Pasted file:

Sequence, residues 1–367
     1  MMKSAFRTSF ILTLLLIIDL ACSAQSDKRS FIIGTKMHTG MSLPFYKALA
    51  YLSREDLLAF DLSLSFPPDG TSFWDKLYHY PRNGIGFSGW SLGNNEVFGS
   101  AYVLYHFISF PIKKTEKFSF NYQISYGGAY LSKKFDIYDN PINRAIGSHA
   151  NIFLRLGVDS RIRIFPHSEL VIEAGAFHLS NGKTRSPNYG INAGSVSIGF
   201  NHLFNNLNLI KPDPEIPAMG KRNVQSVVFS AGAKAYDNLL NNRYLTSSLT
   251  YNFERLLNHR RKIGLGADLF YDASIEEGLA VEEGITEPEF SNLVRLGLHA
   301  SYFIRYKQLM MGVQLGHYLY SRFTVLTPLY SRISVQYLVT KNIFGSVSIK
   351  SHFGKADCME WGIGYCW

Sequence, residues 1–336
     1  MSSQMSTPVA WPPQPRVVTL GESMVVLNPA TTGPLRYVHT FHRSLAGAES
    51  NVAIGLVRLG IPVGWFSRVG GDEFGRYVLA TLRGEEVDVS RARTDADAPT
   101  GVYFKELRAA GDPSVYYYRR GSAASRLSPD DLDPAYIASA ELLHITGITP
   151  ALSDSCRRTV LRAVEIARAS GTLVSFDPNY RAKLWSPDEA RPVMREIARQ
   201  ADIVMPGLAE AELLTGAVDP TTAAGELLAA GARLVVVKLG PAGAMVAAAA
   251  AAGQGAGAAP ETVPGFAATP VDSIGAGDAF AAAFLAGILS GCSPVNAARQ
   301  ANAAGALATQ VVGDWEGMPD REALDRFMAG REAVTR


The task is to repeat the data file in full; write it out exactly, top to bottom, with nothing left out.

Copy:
Sequence, residues 1–367
     1  MMKSAFRTSF ILTLLLIIDL ACSAQSDKRS FIIGTKMHTG MSLPFYKALA
    51  YLSREDLLAF DLSLSFPPDG TSFWDKLYHY PRNGIGFSGW SLGNNEVFGS
   101  AYVLYHFISF PIKKTEKFSF NYQISYGGAY LSKKFDIYDN PINRAIGSHA
   151  NIFLRLGVDS RIRIFPHSEL VIEAGAFHLS NGKTRSPNYG INAGSVSIGF
   201  NHLFNNLNLI KPDPEIPAMG KRNVQSVVFS AGAKAYDNLL NNRYLTSSLT
   251  YNFERLLNHR RKIGLGADLF YDASIEEGLA VEEGITEPEF SNLVRLGLHA
   301  SYFIRYKQLM MGVQLGHYLY SRFTVLTPLY SRISVQYLVT KNIFGSVSIK
   351  SHFGKADCME WGIGYCW

Sequence, residues 1–336
     1  MSSQMSTPVA WPPQPRVVTL GESMVVLNPA TTGPLRYVHT FHRSLAGAES
    51  NVAIGLVRLG IPVGWFSRVG GDEFGRYVLA TLRGEEVDVS RARTDADAPT
   101  GVYFKELRAA GDPSVYYYRR GSAASRLSPD DLDPAYIASA ELLHITGITP
   151  ALSDSCRRTV LRAVEIARAS GTLVSFDPNY RAKLWSPDEA RPVMREIARQ
   201  ADIVMPGLAE AELLTGAVDP TTAAGELLAA GARLVVVKLG PAGAMVAAAA
   251  AAGQGAGAAP ETVPGFAATP VDSIGAGDAF AAAFLAGILS GCSPVNAARQ
   301  ANAAGALATQ VVGDWEGMPD REALDRFMAG REAVTR